New York City Beefs Up Security Ahead Of Sept. 11

Play associated audio

New York City was on high alert this week, even before Thursday night's announcement that there was a "credible but unconfirmed" terrorist threat to New York and Washington, D.C. Newspaper headlines screamed about a city on lockdown.

When the Navy SEALS entered Osama bin Laden's compound in Pakistan, they reportedly found documents and handwritten materials referring to the 10th anniversary of the Sept. 11 attacks. Given that information, New York Police Commissioner Ray Kelly told a conference on security and counterterrorism Wednesday: "We have to take precautions as if an actual plot were under way."

The next night Kelly and New York Mayor Michael Bloomberg held a news conference to discuss the threat and the city's response.

"Now the threat at this moment has not been corroborated," Bloomberg said. "I want to stress that. It is credible but it has not been corroborated. But we do live in a world where we must take these threats seriously, and we certainly will."

By Friday morning, people were already reporting more bag searches and being stopped at vehicle checkpoints all over the city. They noted police in the subways and train stations wearing helmets and bulletproof vests, and carrying assault rifles.

Kelly said there would be "increased focus on tunnels and bridges, and infrastructure in general, as well as landmark locations, houses of worship and government buildings."

Starting Saturday night, there will be a heavily guarded "frozen zone" around the World Trade Center site, which will extend several blocks in each direction.

Traffic will be diverted, and only people with credentials will be allowed in the area. Thousands of police officers will be mobilized. According to Kelly there will be "counter snipers, bomb technicians. Police divers will be inspecting the peers, pilots will be in the air, officers with radiation detection equipment, plainclothes officers to conduct surveillance, and our skywatch towers will be manned."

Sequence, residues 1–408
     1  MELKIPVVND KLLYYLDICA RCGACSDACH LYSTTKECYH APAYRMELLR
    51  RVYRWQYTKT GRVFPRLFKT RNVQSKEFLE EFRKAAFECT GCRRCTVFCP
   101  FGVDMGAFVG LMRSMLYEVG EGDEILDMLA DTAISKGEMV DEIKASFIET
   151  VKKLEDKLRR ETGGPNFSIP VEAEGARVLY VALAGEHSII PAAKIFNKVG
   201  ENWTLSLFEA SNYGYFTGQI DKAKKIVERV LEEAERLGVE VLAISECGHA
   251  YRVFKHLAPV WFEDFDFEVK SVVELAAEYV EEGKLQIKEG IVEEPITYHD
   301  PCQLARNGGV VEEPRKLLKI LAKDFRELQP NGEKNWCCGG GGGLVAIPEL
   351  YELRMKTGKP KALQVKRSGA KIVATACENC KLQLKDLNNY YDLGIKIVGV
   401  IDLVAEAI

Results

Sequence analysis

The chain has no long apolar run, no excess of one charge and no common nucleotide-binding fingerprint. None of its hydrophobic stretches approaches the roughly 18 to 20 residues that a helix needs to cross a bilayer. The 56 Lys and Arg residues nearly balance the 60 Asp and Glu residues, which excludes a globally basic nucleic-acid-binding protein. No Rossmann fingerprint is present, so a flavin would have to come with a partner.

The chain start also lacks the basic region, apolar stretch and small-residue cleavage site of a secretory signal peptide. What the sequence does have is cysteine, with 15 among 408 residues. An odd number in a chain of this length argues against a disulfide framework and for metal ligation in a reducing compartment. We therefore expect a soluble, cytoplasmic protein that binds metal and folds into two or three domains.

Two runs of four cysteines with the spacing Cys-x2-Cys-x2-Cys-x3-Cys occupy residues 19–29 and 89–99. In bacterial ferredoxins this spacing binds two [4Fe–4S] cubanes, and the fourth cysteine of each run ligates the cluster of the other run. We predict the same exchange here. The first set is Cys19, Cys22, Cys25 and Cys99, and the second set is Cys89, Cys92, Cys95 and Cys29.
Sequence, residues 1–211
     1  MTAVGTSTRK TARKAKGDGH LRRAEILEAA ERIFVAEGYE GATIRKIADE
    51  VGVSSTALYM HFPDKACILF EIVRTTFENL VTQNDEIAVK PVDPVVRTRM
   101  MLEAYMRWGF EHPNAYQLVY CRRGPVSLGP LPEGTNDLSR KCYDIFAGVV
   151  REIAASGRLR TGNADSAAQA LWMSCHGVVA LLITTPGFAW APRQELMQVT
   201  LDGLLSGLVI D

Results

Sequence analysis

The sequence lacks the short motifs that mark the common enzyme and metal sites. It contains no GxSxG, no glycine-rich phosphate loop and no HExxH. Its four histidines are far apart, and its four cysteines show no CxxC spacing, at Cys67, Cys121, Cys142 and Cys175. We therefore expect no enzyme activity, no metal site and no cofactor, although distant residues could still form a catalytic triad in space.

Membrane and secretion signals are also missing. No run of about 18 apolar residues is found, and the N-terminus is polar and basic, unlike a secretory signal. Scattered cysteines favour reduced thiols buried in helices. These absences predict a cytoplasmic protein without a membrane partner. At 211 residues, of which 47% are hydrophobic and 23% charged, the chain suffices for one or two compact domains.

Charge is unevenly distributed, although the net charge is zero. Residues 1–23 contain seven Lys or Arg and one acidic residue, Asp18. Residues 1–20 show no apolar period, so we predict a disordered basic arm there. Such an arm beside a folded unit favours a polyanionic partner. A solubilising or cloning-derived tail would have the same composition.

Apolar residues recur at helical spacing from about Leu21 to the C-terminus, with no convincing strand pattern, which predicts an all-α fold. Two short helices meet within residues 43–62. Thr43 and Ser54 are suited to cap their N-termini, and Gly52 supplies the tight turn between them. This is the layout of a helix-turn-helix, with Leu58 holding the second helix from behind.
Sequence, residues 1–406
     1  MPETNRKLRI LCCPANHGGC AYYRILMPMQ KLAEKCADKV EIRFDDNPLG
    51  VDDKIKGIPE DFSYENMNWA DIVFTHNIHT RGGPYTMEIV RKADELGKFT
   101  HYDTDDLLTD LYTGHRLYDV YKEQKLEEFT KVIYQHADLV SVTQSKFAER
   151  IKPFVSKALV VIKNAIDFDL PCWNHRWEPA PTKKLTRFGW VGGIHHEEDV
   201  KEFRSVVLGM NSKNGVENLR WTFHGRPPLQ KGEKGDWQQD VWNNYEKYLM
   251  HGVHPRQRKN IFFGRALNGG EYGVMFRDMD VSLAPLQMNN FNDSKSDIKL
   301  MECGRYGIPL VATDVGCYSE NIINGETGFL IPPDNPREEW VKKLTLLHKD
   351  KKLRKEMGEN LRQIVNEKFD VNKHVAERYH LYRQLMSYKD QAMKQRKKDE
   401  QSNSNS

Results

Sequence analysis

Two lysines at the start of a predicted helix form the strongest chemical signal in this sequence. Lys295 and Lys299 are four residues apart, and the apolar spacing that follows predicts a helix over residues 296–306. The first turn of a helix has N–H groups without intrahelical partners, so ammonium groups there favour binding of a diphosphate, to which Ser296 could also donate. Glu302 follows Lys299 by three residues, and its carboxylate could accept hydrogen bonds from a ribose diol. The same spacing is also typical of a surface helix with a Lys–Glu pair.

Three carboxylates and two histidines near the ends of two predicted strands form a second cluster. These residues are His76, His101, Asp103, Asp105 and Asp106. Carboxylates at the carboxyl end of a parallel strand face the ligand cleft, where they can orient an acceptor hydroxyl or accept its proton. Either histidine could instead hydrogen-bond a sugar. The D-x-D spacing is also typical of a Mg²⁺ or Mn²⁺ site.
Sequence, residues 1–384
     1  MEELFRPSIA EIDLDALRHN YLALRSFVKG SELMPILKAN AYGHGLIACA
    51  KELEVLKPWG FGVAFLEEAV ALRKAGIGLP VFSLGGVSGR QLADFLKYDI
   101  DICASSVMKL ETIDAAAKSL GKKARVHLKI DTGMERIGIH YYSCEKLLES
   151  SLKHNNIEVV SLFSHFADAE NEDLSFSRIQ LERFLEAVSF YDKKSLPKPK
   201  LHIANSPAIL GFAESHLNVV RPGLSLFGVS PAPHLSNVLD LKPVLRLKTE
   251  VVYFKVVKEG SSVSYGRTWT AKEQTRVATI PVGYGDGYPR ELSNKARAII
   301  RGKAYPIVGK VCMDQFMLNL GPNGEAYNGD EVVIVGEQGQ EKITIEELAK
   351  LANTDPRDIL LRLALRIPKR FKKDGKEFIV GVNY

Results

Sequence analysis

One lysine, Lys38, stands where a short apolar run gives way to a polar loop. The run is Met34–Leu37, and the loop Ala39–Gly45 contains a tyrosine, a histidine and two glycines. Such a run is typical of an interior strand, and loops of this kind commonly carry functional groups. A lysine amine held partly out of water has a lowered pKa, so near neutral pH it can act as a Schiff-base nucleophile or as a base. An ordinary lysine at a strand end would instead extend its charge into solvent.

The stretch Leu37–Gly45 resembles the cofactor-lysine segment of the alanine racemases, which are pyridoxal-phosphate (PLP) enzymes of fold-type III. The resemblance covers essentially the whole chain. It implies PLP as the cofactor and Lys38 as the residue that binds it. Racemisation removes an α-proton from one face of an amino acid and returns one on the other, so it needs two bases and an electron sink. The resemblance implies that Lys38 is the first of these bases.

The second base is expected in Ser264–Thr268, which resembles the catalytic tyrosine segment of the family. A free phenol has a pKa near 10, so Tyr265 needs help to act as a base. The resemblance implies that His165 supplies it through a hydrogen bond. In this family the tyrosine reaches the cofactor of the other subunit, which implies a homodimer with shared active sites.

Copyright 2011 National Public Radio. To see more, visit http://www.npr.org/.

NPR

Shante, He Stays: RuPaul Reflects On Decades Of Drag — And 2 Emmy Nominations

RuPaul is the most recognizable drag queen in America. His hit show, RuPaul's Drag Race is up for two Emmy Awards as it begins filming its ninth season. But drag, he says, will never be mainstream.
NPR

Food World Rallies For Quake-Hit Amatrice, Home Of Famous Pasta Dish

In Italy and the U.S., restaurants are pledging to use sales of Amatrice's signature dish, spaghetti all' amatriciana, to raise funds for the Italian town devastated by Wednesday's earthquake.
NPR

Former White House Doctor Outlines Gray Areas In Candidates' Health

NPR's Robert Siegel talks to Rob Darling, a former White House physician, about how much voters have a right to know about the medical histories of presidential candidates.
NPR

Tesla Clears Antitrust Hurdle In $2.6 Billion Deal For SolarCity

The Federal Trade Commission signed off on Tesla's plan to buy the solar panel installer. CEO Elon Musk is SolarCity's chairman and its largest shareholder.

Leave a Comment

Help keep the conversation civil. Please refer to our Terms of Use and Code of Conduct before posting your comments.